Sunday, September 23, 2007

Tow-heads, wild hares, and a trip down the toepath

I discovered this weekend that the town of Princeton has an inordinate number of tow-headed children.

Seriously, I don't think I've seen that many white-haired kids in one place since I was in Germany last.

One of my friends remarked on all the tow-heads, which led to a conversation about the spelling (toe or tow?) and the origin. I looked it up, and Urban Dictionary defines it as: "...literally "flaxen haired". This meaning of tow comes from Middle Low German touw (which means "flax, hemp fiber")."

On a side bar: My ayah, or nanny, used to tell me repeatedly when I was a kid in Bangladesh that I had hair just like jute, which is a pale fiber. This made me cry, because I wanted black hair, just like everyone else.

Who wants hair like jute?

Anyway, this tow-toe spelling conversation led me to say that even though I now know that the towpath is spelled "tow" in my mind I picture the word "toe."

This is because when I hear a new word I spell it to myself. Right or wrong. I might look it up, or ask, or never bother and keep spelling it wrong. But usually I like knowing how things are spelled.

So before I knew the origin, I spelled it toe. To myself. Turns out it's called a towpath because the path used to be used by mules who would tow the barges on the canal. Towpath. Path for towing. I get it.

But whenever anyone says they went running on the towpath, I still think toepath. And I still get this vision of an enormous naked toe traipsing along beside the river.

Like, you know how the finger of God is reaching towards Adam on the ceiling of the Sistine Chapel? A lot of times you see a picture of just the hand and the finger as a detail, rather than being given a picture of the whole ceiling. But you get the reference. You know the limp hand is attached to Adam, and the hand with the pointing finger belongs to God. It's an easily recognizable image.

So the toe on the toepath is kind of like that in my mind. It's a sunny day and there's this enormous, disembodied toe of God traversing the toe path.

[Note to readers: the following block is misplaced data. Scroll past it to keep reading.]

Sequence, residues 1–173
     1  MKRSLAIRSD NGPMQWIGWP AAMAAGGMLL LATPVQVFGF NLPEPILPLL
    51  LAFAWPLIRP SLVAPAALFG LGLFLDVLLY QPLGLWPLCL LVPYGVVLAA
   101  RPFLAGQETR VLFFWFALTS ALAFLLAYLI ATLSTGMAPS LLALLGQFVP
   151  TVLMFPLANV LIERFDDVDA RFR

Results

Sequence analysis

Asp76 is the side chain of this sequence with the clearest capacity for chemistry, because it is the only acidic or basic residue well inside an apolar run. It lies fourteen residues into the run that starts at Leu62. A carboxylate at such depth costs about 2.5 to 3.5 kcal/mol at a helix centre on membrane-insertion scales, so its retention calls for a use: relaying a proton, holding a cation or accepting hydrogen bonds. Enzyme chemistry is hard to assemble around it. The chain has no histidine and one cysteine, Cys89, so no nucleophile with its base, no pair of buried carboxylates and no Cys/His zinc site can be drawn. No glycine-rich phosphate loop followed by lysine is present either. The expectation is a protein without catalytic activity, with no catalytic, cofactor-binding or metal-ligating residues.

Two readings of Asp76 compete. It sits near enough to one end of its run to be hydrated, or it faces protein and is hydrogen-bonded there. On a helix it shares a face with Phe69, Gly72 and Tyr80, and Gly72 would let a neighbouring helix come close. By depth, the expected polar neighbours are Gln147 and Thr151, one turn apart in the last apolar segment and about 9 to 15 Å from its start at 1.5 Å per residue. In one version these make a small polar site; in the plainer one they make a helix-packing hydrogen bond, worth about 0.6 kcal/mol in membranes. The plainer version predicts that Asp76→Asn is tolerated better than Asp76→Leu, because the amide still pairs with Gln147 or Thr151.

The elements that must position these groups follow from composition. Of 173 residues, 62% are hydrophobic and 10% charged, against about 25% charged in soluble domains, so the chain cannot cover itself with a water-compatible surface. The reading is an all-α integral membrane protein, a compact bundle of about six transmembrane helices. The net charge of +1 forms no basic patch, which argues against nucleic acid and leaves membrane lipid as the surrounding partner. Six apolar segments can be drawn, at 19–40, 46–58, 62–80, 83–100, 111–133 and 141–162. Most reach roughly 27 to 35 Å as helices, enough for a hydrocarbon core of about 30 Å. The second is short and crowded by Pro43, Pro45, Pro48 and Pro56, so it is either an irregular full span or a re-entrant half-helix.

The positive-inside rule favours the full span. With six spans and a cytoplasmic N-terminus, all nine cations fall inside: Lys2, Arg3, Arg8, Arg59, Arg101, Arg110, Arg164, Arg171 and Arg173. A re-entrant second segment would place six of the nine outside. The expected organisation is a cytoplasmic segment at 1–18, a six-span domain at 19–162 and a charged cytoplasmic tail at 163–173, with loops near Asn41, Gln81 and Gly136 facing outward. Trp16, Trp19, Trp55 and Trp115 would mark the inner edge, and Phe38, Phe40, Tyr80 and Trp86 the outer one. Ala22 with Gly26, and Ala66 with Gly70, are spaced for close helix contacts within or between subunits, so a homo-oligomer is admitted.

Right. Moving along.

Next up: the homonyms "hair" and "hare" - which I really only confuse in one context.

A few years ago my brother called me up. He said, "Lis, I just got this wild hair up my ass to play the guitar."

Wild hair. Right? Except that what I heard in my word-to-image mind? Was wild hare.

Yes, I know this makes no sense, although don't you think it only makes marginally less sense than a wild hair? Up one's ass?

So I started to laugh. The vision in my mind, "a wild hare up my ass to play the guitar" was just so fabulous. My brother suddenly wants to play the guitar. And this wild rabbit, out of the blue, is furious. And wanting to get the hell out of his ass.

Not many fleeting, random thoughts are funnier than the idea of my brother, or anyone, really, with an angry feral bunny sticking out of his butt.

I've tried to determine the origin of the expression "wild hair" but haven't been able to. Admittedly I haven't spent 54 hours on it, but I have done some Googling. It was suggested to me that it originated with horses, who, if they get a wild hair from their tail stuck in their ass, will take off like a bat out of Hell.

And the "bat out of Hell" business? Why a bat? And then does that somehow connect to "batshit crazy" - one of my favorite expressions?

So many things I don't know.


  1. Ha ha! Yes, that one would be hard to explain. And hey - I love your home state!


  3. Bat out of hell:

    The site is also loads of fun to just browse through.

  4. No, no, no, y'all: "Bat Out of Hell" etymology:

    "But when the day is done
    And the sun goes down
    And the moonlights shining through
    Then like a sinner before the gates of heaven
    Ill come crawling on back to you...

    ...Then Im dying on the bottom of a pit in the blazing sun
    Torn and twisted at the foot of a burning bike
    And I think somebody somewhere must be tolling a bell
    And the last thing I see is my heart
    Still beating
    Breaking out of my body
    And flying away."

  5. I want a t-shirt with that picture on it.

    Seriously, that's great.

  6. nerd alert: i used to get lost in the oxford english dictionary in college because of wondering about stuff like this. then you read some entry next to the one you went there for... and then it's an hour later and you're missing dinner.

    this made me giggle. heartening to know i'm not the only one whose mind makes plays on words.

  7. SL - Ha! Thanks!

    Andie - Fun. I love things like that.

    Jordaan - OK. I believe you.

    WiB - People would think you were totally suspect in that t-shirt.

    Jess - Ohh, I do the same thing. I love love love dictionaries.


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